Thank you Annelize for your guest blog, and personally I think there are lots of parents who want to spend time with their children both in their pre school years and once they start full time formal school. In my opinion what is the point in having children, if you can not spend much time with them? Certainly in my own personal situation, the reason why I became a registered Childminder was to enable me to spend time with my children – and to contribute to family finances and the cost of bringing up the children.
If anyone wants to visit Annelize’s website Free Range Childcare –  this is this LINK




Posted February 19, 2014 by psw260259 in My thoughts on current childcare issues

8 responses to “Guest Blog by Annelize Cruz

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  1. Thank you Annelize for putting into words, so beautifully, what so many childminders are thinking! I do think the ‘childcare crisis‘ may have been exaggerated into a very convenient cry to arms for the government agenda. I have also been wondering whether some parents have been hiding behind the cost issue because they are embarrassed to voice the fact that they really want to stay at home with their children? Most childminders can empathise with this feeling as, generally, that’s how we started doing what we do.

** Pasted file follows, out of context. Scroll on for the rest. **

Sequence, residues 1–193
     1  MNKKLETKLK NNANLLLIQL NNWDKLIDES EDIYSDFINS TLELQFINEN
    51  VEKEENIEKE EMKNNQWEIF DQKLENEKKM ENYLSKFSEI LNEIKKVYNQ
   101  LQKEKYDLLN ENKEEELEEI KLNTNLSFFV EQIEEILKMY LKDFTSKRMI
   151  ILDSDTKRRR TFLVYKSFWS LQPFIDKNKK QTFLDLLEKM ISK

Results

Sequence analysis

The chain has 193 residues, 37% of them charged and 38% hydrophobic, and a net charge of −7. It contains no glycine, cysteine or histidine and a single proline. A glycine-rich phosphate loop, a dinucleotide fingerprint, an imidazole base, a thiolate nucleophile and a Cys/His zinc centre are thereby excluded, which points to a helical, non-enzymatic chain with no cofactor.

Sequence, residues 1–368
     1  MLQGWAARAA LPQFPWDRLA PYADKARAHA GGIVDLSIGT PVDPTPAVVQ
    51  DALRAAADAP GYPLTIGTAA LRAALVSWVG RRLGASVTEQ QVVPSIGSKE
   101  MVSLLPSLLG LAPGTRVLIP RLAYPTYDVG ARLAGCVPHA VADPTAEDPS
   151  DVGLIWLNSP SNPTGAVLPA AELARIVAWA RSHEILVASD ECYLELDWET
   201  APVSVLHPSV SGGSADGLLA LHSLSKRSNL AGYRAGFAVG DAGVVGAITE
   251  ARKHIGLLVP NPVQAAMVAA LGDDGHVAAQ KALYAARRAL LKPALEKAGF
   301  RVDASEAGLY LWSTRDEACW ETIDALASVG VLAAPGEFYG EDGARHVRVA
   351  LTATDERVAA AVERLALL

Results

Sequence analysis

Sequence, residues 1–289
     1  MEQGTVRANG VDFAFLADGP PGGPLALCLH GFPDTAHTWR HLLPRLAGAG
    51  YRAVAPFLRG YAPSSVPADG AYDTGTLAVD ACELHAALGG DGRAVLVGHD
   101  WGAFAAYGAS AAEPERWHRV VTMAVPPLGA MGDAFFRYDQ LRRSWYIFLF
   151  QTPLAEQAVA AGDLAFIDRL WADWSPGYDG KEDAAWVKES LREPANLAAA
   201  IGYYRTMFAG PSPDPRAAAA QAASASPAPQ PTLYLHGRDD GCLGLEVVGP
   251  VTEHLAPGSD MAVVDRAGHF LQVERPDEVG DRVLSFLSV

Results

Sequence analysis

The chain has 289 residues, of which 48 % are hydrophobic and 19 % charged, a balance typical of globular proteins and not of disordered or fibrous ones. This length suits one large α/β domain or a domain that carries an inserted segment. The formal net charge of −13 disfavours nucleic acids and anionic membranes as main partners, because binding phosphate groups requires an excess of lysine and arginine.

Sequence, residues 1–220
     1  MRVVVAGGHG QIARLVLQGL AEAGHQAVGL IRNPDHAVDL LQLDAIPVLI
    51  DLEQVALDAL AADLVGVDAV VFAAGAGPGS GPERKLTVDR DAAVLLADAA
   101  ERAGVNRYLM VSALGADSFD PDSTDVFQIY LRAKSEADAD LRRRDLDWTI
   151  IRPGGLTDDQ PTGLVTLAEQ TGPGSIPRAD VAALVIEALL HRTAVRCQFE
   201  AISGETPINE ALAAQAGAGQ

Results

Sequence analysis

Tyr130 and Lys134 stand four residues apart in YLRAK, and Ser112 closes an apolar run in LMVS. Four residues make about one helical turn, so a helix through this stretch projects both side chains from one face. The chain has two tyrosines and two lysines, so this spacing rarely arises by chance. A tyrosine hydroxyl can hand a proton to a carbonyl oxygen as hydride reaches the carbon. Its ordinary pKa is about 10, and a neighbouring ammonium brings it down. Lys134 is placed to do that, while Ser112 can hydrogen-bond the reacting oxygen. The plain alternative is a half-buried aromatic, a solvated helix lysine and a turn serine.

2. Dear Penny,
    I have just had a silly moment….well with the childcare issues around at the moment you have to laugh or you’d cry…..and decided that it’s pretty obvious that Ms Truss owes you a day of her time! As she currently has NO CREDIBILITY in the sector I wonder if there’s a way that she could be persuaded (or embarrassed into) spending a day with you? Or one of the other excellent childminders that have extended an invitation? Any ideas anyone?……….

    • I agree Jane, I am owed some of Ms.Truss’s time – and I have invited her several times to spend a day with me. To be fair to her, although she has not accepted my invitation – she did send a member of DfE staff to spend the day in my setting – and although it was more in connection with the ratio issue, I did discuss other issues with the person sent. However, I it appears the Truss has not taken much (if any) notice of the feedback provided by her staff member.

      I would be very happy for Ms.Truss to visit my setting – and as she is able to give several days of her time to visit China to find out more about how they teach Maths, you would think that she could give a day of her time to visit my setting – or indeed as you say any of the childminder settings that have extended an invitation.